• Summary
  • Contents
  • Subject index

Questioning Performance Measurement: Metrics, Organizations and Power is the first book to interrogate the organizational turn towards performance metrics critically. Performance measurement is used to evaluate a diverse range of activities throughout the private, public and non-governmental sectors. But in an increasingly data driven world, what does it really mean to measure ‘performance’? Taking a sociology of quantification perspective, this book traces the rise of performance measurement, questions its methods and objectivity, and examines the social significance of the flood of numbers through which value is represented and actors are held accountable. An illuminating read for students, scholars and practitioners across Organization Studies, Sociology, Business and Management, Public Policy and Administration.

Perspectives On Performance Measurement
Perspectives On Performance Measurement

Societies throughout history have used numbers for a fascinating range of ends (Cohen 2005: 12). One of the key stories about their social power posits that they have shaped modernity since the eighteenth century through scientific methodologies, government statistics, and their use in market exchange and industrial production (Cohen 2005). Taking such a historical view emphasizes that languages of number change like others, and, in particular, that numerous instances of ‘the extension of quantitative thinking’ become evident (147).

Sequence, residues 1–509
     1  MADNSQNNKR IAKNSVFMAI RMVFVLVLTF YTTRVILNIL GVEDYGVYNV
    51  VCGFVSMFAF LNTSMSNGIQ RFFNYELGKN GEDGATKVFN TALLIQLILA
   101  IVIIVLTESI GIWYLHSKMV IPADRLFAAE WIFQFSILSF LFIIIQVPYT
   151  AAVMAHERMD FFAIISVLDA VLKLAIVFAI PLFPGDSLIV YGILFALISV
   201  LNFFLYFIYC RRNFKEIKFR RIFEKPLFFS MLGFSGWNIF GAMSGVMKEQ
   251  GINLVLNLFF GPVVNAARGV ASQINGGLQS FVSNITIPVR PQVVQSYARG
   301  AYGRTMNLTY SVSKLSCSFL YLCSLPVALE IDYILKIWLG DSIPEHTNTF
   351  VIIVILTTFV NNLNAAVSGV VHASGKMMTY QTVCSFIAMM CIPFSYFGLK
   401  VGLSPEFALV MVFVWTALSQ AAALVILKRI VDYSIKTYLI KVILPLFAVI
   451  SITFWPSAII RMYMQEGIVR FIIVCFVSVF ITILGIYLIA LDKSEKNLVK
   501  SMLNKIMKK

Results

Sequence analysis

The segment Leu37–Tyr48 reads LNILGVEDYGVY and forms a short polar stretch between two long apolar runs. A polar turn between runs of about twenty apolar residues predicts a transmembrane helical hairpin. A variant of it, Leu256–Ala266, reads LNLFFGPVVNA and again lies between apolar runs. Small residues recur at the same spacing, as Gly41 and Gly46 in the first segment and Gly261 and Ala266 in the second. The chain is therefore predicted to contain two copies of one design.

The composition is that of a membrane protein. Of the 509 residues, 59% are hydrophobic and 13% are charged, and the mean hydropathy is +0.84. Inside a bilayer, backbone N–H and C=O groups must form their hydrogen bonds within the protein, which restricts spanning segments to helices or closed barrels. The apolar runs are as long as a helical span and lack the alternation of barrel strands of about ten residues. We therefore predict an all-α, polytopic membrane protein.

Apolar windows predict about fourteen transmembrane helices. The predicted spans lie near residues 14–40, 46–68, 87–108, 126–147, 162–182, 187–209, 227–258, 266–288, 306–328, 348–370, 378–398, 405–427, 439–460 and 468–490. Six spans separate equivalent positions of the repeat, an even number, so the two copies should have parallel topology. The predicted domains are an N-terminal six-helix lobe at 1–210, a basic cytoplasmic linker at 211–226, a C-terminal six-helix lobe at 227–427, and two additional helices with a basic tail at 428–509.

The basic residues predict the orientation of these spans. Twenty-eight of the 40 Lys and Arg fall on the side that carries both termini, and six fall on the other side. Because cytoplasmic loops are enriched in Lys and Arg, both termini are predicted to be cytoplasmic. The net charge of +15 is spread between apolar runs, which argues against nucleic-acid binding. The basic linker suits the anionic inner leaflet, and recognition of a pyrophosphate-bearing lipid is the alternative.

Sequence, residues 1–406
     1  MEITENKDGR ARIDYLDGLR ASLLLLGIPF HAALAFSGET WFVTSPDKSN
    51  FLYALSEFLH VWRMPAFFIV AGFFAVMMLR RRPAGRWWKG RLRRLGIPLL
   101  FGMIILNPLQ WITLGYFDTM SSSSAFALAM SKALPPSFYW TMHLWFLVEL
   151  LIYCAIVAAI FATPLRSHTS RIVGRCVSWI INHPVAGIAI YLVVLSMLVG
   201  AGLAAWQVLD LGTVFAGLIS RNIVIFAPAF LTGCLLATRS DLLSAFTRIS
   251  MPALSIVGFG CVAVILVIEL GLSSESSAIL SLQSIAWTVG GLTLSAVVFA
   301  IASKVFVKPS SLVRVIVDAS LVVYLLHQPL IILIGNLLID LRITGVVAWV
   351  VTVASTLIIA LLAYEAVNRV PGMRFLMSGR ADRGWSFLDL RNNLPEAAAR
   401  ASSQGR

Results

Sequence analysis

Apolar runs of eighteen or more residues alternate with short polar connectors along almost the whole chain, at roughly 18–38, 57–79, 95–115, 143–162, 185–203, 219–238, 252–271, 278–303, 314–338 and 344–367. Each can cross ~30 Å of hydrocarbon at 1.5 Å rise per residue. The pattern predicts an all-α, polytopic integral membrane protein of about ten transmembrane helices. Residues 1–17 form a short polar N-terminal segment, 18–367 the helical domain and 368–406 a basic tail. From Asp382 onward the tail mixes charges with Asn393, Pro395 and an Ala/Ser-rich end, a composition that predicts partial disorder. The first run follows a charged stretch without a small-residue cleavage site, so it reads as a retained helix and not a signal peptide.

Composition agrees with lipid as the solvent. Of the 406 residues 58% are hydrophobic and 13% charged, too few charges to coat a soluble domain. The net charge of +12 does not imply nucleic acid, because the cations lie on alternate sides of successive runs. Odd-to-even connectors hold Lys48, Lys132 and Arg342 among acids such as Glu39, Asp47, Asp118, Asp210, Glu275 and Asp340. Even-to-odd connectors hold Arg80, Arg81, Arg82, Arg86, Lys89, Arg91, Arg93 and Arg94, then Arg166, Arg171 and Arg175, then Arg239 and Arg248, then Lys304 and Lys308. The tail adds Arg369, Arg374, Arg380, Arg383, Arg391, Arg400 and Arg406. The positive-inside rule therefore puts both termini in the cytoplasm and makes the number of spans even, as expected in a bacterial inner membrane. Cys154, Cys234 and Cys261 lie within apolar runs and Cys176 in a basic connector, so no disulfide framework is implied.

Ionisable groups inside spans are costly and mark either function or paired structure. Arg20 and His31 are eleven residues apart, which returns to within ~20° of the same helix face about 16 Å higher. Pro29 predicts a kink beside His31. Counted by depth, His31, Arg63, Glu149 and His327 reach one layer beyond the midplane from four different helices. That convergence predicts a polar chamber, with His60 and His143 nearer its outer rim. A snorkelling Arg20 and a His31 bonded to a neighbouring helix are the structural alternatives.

Yet despite the key roles numbers have played in modernity, Poovey (1998: xi) argues that they constitute the last frontier of representation in that their social significance has hardly been analysed critically compared with other kinds of discourse. Longstanding associations ...

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